Social media and applications are now part of the emergency first-responders’ toolkit.
In the United States, technological capabilities like geo-spatial location have helped in the Gulf Coast oil spill, Haiti relief efforts and local emergency responses. Facebook and Twitter have become a digital 9-1-1 call.
“When someone needs help, their voice can be amplified instantly all the way around the world, and sometimes that quickly gets to a person who is in a position to help,” said Alex Howard, Gov 2.0 correspondent for O’Reilly Media, in an interview with Federal News Radio.
As Japan recovers from last week’s tsunami and earthquake, the role of technology – particularly smart phones – in emergencies may play a significant role. Computer World lists some useful apps in emergencies – The Emergency Radio app gives you access to police, fire and other scanners, as well as maps where events are taking place. In case of an emergency, another app – Disaster Caster – broadcasts your plan to family and friends.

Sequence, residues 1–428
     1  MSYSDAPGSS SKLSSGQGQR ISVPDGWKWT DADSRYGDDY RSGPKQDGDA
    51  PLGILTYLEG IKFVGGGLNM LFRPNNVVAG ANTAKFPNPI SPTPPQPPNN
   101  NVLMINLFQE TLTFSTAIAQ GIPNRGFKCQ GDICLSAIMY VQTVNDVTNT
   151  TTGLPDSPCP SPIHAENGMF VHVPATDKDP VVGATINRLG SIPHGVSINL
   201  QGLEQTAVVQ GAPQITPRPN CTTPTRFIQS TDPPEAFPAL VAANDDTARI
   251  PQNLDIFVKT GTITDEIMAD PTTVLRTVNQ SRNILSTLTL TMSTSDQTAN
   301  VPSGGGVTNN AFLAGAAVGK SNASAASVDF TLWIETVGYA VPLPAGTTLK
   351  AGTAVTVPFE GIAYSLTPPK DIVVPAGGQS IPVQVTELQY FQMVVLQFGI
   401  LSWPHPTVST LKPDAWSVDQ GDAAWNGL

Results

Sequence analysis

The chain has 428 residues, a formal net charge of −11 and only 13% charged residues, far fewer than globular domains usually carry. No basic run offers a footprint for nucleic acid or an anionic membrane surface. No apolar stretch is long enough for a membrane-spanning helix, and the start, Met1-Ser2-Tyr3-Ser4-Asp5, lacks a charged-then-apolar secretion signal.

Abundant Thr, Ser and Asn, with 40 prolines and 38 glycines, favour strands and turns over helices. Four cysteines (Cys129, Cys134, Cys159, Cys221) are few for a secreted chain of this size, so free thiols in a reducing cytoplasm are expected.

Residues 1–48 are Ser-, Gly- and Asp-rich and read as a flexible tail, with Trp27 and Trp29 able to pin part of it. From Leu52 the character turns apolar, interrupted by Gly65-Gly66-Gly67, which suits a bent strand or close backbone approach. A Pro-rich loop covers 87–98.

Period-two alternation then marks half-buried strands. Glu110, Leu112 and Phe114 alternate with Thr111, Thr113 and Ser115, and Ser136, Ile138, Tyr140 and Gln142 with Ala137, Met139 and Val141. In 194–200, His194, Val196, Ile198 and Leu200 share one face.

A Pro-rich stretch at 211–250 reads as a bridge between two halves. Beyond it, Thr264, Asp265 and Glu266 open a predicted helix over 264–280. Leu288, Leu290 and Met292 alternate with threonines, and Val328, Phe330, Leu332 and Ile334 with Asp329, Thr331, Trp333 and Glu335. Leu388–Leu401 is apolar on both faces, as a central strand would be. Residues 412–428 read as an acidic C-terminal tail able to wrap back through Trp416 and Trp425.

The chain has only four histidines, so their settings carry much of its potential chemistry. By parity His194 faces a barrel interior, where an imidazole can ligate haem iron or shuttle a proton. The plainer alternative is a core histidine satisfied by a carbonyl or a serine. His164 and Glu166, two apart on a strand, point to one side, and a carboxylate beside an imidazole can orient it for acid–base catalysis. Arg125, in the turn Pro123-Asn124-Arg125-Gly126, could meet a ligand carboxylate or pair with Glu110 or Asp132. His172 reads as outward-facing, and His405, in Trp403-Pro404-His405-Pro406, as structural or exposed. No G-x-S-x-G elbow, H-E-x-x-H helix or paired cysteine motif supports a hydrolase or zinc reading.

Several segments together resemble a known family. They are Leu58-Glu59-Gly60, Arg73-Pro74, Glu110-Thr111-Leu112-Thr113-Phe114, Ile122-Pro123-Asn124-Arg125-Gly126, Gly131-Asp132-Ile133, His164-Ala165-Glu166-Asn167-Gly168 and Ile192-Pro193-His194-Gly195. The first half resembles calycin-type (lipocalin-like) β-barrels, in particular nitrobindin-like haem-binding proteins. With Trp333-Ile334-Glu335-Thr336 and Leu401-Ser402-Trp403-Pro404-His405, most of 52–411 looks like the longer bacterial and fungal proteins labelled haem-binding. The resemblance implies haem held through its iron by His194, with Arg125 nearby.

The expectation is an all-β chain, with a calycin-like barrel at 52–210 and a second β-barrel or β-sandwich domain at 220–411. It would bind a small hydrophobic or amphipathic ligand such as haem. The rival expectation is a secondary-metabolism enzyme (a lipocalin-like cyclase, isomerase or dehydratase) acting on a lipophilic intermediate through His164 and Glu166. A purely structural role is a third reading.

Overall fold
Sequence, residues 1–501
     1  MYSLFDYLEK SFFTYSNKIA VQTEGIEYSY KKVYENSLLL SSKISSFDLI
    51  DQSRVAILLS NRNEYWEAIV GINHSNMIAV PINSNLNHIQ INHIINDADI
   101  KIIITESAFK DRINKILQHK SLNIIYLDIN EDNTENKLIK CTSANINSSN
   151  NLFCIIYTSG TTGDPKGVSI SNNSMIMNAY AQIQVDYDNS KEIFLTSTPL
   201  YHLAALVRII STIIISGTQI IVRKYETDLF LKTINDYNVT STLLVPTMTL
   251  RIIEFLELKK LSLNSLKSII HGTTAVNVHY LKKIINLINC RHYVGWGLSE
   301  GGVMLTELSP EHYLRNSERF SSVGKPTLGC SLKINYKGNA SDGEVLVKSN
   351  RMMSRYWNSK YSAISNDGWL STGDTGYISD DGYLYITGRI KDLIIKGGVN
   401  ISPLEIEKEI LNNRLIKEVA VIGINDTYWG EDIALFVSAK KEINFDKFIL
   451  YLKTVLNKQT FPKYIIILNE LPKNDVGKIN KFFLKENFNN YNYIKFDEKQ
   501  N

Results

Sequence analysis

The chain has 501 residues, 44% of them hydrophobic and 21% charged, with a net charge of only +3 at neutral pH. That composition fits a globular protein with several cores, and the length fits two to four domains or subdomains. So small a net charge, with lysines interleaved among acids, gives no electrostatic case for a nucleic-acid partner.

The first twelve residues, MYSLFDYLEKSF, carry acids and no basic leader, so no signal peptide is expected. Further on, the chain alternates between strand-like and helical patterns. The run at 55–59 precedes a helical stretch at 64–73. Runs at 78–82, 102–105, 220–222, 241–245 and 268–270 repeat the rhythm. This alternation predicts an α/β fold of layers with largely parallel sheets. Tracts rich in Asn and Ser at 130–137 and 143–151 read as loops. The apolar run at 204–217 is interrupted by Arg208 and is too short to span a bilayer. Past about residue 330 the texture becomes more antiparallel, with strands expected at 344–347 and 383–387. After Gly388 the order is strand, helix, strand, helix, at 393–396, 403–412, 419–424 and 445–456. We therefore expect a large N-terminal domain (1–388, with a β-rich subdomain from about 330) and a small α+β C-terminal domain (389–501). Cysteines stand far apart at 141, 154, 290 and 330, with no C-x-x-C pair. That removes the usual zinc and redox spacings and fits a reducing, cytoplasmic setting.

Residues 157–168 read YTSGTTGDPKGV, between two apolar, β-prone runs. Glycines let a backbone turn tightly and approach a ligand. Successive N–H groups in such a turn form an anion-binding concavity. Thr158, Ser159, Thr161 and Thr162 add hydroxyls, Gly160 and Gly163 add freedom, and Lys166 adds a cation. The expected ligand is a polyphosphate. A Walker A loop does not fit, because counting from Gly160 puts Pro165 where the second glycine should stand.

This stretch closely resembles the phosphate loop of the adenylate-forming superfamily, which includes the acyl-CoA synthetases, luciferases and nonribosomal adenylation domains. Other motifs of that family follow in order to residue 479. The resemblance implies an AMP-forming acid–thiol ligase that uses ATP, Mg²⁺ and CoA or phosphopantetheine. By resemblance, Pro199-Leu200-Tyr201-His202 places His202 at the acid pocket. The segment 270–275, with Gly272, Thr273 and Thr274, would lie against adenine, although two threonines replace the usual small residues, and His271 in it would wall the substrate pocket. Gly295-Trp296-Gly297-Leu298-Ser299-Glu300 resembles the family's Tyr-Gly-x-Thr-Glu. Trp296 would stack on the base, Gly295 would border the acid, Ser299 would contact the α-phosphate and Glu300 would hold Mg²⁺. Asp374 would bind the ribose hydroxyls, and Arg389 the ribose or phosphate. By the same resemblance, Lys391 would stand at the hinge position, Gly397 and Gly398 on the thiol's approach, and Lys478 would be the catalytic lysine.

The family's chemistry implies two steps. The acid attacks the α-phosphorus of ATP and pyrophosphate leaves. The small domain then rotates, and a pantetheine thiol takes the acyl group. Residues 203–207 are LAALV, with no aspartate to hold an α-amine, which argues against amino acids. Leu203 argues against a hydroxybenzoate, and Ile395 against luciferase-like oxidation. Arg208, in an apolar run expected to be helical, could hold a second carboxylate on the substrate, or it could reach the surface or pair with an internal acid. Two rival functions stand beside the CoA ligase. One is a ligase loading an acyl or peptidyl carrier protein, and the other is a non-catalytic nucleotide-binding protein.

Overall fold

As families still try to find people after the quake, Google‘s Person Finder app allows people to set up a profile page for a missing person. ABC News reports that there are currently 140,000 people registered. For people not registered in Person Finder, Google is also posting photos of people in shelters to a public album on its photo-sharing site Picasa.